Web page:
Welcome to Netrider ... Connecting Riders!

Interested in talking motorbikes with a terrific community of riders?
Signup (it's quick and free) to join the discussions and access the full suite of tools and information that Netrider has to offer.

[NSW] Scooter licence change

Discussion in 'Politics, Laws, Government & Insurance' started by TonyE, Sep 9, 2008.

  1. And in news just in:

    scooter licenses now easier to obtain in NSW

    The NSW RTA has increased the cc capacity for automatic exemption from the Scooter License course.

    Effective immediately the NSW RTA has increased the capacity from 125cc to 160cc for exemption from the pre-provisional course for automatic motorcycles and scooters. Riders of scooters less than 160cc will still need to attend and pass the pre-learner course (7 hours held over 2 days) and the Motorcycle Operator Skills Test or MOST (1 hour). However they will not be required to attend the 6 hour pre-provisional course immediately prior to the MOST.

    “With the increasing popularity of automatic “twist and go†scooters, and in particular 125/150cc capacity scooters in NSW, this is a positive change exempting riders of small scooters from the pre-provisional course which is heavily biased to helping riders of manual motorcycles master clutch control and gear changes†said Paul Nobbs from the Australia Scooter Federation.

    Details of the new rules can be found on the RTA’s website:-


    NSW scooter sales rose 15.4% in 08 versus 07 for the 6 month period to the end of June.

    Sales of 51cc to 160cc capacity scooters grew 23.1% to 2995 units in the same period.
    For further information please contact:
    Libby Ross, Secretariat
    Australian Scooter Federation
  2. WTF!

    ERR what? The MOST course is 3 months after getting your Ls, its not about clutch control and gear changes at all, its about roadcraft...


  3. exactly! i was bamboozled by that line as well.

    the funnyest thing when i was doing my pre-l's was the pre-p's going on next to us with 5 bikes and 1 scooter.

    the scooter operator did 2 laps of the course the wrong way with everyone standing awestruck at how badly this person rode/followed instructions.

    this person then mouthed off at the instructor claiming he was being too harsh when he told her to go home because she wasnt going to pass the test at the end of the day.

    the way i see it, it's 6 hours of having head checks drilled into my brain because thats one of the things i needed help with when i started. general motorcycle operation should be down pat by the end of the pre-l's course.

    if your still unsure about clutch control at the pre-p's stage then you shouldnt be off your l's yet!
  4. Why should the pre-provisional course be exempt for anyone, let alone provide more exemptions. Yeah, road safety is really a priority :roll:

    This will just lead to more clueless riders on the road.

    Junglist - the scooter on my pre Ls test was the only one to stack on the day, buried the side into the ground, lifted the front wheel and just lost it. Funny thing was, the only one to fail the Ps test was a scooter who came up to the first braking test and stacked it approaching the start line!!!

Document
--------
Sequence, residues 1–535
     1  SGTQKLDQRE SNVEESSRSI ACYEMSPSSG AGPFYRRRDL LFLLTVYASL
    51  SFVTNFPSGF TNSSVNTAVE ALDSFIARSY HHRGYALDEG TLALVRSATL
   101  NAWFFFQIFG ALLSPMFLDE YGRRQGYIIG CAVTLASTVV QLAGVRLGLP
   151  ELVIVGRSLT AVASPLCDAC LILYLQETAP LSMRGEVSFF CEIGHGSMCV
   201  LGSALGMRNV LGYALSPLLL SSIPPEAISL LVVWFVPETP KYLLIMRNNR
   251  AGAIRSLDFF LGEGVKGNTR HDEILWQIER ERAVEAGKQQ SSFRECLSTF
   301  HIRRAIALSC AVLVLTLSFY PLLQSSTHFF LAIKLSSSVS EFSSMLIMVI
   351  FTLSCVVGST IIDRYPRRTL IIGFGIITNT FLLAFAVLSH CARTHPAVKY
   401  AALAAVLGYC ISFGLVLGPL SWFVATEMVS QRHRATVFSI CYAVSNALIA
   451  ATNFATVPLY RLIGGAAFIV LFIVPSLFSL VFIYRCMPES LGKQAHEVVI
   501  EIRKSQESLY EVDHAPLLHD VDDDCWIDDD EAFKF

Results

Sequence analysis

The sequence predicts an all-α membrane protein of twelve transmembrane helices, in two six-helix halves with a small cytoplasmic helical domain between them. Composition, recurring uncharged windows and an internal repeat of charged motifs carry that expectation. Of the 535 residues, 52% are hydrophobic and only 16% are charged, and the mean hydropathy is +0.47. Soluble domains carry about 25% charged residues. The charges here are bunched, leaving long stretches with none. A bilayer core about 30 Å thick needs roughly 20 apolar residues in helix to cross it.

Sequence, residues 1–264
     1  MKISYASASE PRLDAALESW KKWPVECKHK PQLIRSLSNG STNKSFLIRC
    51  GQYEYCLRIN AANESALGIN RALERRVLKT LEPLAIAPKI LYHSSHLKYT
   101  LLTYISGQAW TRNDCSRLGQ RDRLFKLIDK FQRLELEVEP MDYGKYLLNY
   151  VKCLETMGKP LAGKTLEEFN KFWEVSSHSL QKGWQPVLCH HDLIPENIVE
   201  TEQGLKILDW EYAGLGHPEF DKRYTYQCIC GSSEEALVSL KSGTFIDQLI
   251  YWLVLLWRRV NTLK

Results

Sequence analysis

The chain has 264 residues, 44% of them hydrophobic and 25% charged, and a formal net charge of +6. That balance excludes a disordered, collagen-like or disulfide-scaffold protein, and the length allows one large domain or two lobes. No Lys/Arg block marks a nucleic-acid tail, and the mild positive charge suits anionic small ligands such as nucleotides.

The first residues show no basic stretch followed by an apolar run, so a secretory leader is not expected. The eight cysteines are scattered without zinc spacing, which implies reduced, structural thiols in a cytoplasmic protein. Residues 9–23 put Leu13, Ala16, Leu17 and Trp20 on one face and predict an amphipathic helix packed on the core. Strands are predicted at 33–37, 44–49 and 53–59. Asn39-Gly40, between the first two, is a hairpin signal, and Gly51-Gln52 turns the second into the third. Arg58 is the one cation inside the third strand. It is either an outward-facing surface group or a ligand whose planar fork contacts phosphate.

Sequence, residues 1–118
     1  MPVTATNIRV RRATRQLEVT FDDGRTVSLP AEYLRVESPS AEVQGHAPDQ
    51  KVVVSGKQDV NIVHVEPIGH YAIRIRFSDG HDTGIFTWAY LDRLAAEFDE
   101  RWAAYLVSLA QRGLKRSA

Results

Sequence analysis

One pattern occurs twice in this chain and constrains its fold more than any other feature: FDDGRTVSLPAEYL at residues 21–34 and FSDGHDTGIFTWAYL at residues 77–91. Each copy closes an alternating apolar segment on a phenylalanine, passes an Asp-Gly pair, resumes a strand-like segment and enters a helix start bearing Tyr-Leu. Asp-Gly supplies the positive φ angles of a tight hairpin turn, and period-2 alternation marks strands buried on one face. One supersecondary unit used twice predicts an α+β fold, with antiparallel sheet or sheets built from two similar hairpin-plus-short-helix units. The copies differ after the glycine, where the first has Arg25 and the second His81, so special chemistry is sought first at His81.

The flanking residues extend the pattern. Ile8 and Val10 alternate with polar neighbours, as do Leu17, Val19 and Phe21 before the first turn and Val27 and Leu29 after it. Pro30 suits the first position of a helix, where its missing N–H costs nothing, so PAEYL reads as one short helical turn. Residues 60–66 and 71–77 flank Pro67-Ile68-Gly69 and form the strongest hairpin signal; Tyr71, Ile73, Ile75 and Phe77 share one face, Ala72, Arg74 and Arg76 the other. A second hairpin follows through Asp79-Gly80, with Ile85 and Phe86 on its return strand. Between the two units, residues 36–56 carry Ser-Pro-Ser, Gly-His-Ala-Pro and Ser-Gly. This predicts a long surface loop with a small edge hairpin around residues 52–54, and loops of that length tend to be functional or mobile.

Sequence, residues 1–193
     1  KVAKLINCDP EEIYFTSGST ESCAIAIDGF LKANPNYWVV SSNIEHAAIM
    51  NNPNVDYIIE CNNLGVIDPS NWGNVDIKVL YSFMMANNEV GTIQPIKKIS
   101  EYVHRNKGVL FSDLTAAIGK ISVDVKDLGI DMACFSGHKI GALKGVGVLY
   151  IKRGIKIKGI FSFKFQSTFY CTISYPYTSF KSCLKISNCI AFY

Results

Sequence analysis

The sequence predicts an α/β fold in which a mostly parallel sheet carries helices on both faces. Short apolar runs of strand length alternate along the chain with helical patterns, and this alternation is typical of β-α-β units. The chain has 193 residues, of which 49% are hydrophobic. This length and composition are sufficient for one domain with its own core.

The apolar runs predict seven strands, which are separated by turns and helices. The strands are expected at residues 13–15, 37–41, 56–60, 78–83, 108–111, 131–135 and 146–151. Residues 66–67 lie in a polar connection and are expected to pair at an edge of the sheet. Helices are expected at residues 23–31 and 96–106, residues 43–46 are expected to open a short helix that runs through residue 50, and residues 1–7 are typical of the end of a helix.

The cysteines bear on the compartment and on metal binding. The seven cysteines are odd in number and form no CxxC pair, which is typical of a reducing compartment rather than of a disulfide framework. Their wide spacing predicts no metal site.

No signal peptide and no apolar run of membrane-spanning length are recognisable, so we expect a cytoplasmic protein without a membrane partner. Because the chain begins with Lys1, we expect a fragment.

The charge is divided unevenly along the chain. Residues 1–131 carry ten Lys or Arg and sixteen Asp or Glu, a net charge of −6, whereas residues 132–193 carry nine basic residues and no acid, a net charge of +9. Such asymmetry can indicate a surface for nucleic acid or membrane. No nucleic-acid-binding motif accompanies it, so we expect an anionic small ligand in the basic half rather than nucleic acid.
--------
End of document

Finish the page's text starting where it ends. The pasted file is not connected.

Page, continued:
5. Aside from making the bike go and stop (ie the learners course) there isn't any significant clutch or gear changing work in the provisional course (and if you spent the previous 3 months in first gear you really aren't going to get anything out of the next course anyway). As noted above, the road ride focuses on roadcraft, but the biggest part of the on range work at the provisional is staying out of trouble. Slow maneouvre, lane changing (avoidance) and braking technique seems to be the biggest bits in it from memory. Do none of those bits apply to scooter riders? Slow maneouvre with the clutch - perhaps old mate has a little point, but the rest he hasn't got a clue.
  6. This seems to be a particularly stupid move to me. I have been riding a scooter for 12 months and 15,000 kms and touch wood have so far stayed upright. I think there should be more training courses mandatory, not less. Just because a scooter doesn't have gears or a clutch doesn't mean anyone can just jump on it and know how to ride safely. This sort of thing just reinforces ideas that riding is just about making the scooter go (easy, twist of the wrist) and to hell with roadcraft......how to corner, headchecks, staying visible.....the list is endless. I really despair sometimes for the authorities that are supposed to be in charge of road safety. :roll:
  7. If I can make a cynical joke - Those little scooters can barely reach expressway speeds. Everyone knows that only speeding kills. :?
  8. I hope all the people that pass without learning to headcheck form a club and do ride days.

    The first fuel stop will be carnage.
  9. My first thought is that if this leads to an increase in accidents/fatalities, specifically within this group of riders, these stats will be lumped together with higher capacity scooter/motorcycle riders and be a right pain in the future.

    This is from my (admittedly shallow) reading where it seems that statistics are being recorded without diversity (ie scooters/motorcycles tick the same box). Happy for someone to point out if I'm wrong.